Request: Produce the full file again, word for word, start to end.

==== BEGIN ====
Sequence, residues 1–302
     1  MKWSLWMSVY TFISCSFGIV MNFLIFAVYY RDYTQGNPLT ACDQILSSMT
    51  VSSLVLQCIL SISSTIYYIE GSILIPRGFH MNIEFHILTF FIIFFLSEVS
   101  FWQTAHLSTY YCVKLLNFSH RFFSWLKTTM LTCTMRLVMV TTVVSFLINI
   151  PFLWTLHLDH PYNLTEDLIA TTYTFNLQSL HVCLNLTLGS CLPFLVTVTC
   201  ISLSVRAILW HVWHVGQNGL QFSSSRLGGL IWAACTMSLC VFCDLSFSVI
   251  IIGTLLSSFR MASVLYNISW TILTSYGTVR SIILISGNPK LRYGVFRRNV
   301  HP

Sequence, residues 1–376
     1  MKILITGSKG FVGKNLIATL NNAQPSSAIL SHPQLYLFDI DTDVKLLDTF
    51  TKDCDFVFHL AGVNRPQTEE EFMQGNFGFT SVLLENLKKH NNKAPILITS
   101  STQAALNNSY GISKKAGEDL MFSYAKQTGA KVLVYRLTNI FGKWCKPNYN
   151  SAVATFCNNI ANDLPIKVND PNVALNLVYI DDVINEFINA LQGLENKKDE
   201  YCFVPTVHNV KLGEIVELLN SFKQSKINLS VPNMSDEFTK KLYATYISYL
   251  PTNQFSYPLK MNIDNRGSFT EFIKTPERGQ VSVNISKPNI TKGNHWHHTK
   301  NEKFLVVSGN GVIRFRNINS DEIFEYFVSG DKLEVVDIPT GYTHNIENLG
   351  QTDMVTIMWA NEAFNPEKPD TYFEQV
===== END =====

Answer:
Sequence, residues 1–302
     1  MKWSLWMSVY TFISCSFGIV MNFLIFAVYY RDYTQGNPLT ACDQILSSMT
    51  VSSLVLQCIL SISSTIYYIE GSILIPRGFH MNIEFHILTF FIIFFLSEVS
   101  FWQTAHLSTY YCVKLLNFSH RFFSWLKTTM LTCTMRLVMV TTVVSFLINI
   151  PFLWTLHLDH PYNLTEDLIA TTYTFNLQSL HVCLNLTLGS CLPFLVTVTC
   201  ISLSVRAILW HVWHVGQNGL QFSSSRLGGL IWAACTMSLC VFCDLSFSVI
   251  IIGTLLSSFR MASVLYNISW TILTSYGTVR SIILISGNPK LRYGVFRRNV
   301  HP

Sequence, residues 1–376
     1  MKILITGSKG FVGKNLIATL NNAQPSSAIL SHPQLYLFDI DTDVKLLDTF
    51  TKDCDFVFHL AGVNRPQTEE EFMQGNFGFT SVLLENLKKH NNKAPILITS
   101  STQAALNNSY GISKKAGEDL MFSYAKQTGA KVLVYRLTNI FGKWCKPNYN
   151  SAVATFCNNI ANDLPIKVND PNVALNLVYI DDVINEFINA LQGLENKKDE
   201  YCFVPTVHNV KLGEIVELLN SFKQSKINLS VPNMSDEFTK KLYATYISYL
   251  PTNQFSYPLK MNIDNRGSFT EFIKTPERGQ VSVNISKPNI TKGNHWHHTK
   301  NEKFLVVSGN GVIRFRNINS DEIFEYFVSG DKLEVVDIPT GYTHNIENLG
   351  QTDMVTIMWA NEAFNPEKPD TYFEQV